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Mayo Clinic Health Library

Malignant hyperthermia

Updated: 04-07-2020

Overview

Malignant hyperthermia is a severe reaction to certain drugs used for anesthesia. This severe reaction typically includes a dangerously high body temperature, rigid muscles or spasms, a rapid heart rate, and other symptoms. Without prompt treatment, the complications caused by malignant hyperthermia can be fatal.

In most cases, the defective gene that puts you at risk of malignant hyperthermia is inherited, though sometimes it's the result of a random genetic defect. Genetic testing can reveal whether you have an abnormal gene. This genetic disorder is called malignant hyperthermia susceptibility (MHS).

Treatments for malignant hyperthermia include the medication dantrolene (Dantrium, Ryanodex, Revonto), ice packs and other measures to cool body temperature, as well as supportive care.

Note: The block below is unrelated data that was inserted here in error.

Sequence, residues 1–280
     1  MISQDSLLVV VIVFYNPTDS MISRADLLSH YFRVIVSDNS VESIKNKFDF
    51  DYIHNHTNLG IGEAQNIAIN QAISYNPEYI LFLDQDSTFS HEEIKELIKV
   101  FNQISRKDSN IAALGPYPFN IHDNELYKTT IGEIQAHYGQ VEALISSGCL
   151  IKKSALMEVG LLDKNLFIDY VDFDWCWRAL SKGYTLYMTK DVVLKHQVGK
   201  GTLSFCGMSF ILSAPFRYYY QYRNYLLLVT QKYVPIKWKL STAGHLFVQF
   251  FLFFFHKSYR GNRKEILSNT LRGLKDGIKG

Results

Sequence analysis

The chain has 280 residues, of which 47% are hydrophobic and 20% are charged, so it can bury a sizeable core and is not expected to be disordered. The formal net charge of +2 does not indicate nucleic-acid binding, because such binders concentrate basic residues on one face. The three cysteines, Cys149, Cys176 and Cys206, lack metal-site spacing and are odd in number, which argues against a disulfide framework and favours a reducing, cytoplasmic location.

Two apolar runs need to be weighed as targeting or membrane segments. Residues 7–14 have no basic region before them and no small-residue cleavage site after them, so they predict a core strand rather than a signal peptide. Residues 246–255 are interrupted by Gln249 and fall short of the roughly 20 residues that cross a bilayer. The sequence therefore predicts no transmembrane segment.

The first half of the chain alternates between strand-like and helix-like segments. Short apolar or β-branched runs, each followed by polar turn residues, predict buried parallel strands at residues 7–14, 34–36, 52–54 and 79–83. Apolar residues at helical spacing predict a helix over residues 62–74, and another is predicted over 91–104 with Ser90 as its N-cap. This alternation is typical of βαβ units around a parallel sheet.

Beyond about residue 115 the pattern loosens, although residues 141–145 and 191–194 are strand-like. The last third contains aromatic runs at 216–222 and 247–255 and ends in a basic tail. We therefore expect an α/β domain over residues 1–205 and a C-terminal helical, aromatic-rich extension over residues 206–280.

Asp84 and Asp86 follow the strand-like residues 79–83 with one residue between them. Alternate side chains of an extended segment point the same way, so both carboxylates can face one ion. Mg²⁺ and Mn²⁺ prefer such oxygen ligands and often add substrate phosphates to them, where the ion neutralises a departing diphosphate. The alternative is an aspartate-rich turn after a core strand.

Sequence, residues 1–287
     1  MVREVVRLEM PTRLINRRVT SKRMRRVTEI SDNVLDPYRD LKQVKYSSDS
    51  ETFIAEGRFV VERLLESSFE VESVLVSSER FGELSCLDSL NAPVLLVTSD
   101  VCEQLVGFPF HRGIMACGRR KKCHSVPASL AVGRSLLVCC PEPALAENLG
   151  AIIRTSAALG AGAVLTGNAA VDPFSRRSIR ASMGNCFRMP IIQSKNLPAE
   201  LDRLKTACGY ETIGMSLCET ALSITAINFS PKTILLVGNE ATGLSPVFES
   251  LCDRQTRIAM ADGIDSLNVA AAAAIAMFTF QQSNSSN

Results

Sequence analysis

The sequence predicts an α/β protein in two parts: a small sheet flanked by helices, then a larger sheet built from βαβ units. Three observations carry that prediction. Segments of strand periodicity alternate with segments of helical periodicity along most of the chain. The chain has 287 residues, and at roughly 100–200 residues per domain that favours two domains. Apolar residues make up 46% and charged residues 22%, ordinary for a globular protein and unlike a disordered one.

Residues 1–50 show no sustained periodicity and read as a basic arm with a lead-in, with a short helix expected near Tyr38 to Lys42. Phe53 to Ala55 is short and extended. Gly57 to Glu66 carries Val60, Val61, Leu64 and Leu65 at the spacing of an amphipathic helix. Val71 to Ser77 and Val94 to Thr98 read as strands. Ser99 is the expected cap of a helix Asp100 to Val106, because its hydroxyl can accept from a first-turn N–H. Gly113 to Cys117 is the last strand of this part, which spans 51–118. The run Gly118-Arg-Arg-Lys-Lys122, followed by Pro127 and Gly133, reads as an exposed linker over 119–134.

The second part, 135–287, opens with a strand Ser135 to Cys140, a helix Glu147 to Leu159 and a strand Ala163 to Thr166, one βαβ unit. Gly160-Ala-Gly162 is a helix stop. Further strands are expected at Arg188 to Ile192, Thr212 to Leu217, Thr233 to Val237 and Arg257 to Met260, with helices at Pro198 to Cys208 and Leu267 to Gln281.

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Symptoms

In most cases, no signs or symptoms of susceptibility to malignant hyperthermia exist until you're exposed to certain drugs used for anesthesia.

In rare cases, people at risk of malignant hyperthermia have shown signs of a reaction after intense physical activity during excessive heat or humidity, during a viral illness, or when taking statin medication.

If you're at risk of malignant hyperthermia and you don't have a serious reaction during your first exposure to certain anesthesia drugs, you're still at risk if you receive these drugs in the future. Other anesthesia medications that don't trigger a reaction can be used instead.

Signs and symptoms of malignant hyperthermia may vary and can occur during anesthesia or during recovery shortly after surgery. They can include:

  • Severe muscle rigidity or spasms
  • Rapid, shallow breathing and problems with low oxygen and high carbon dioxide
  • Rapid heart rate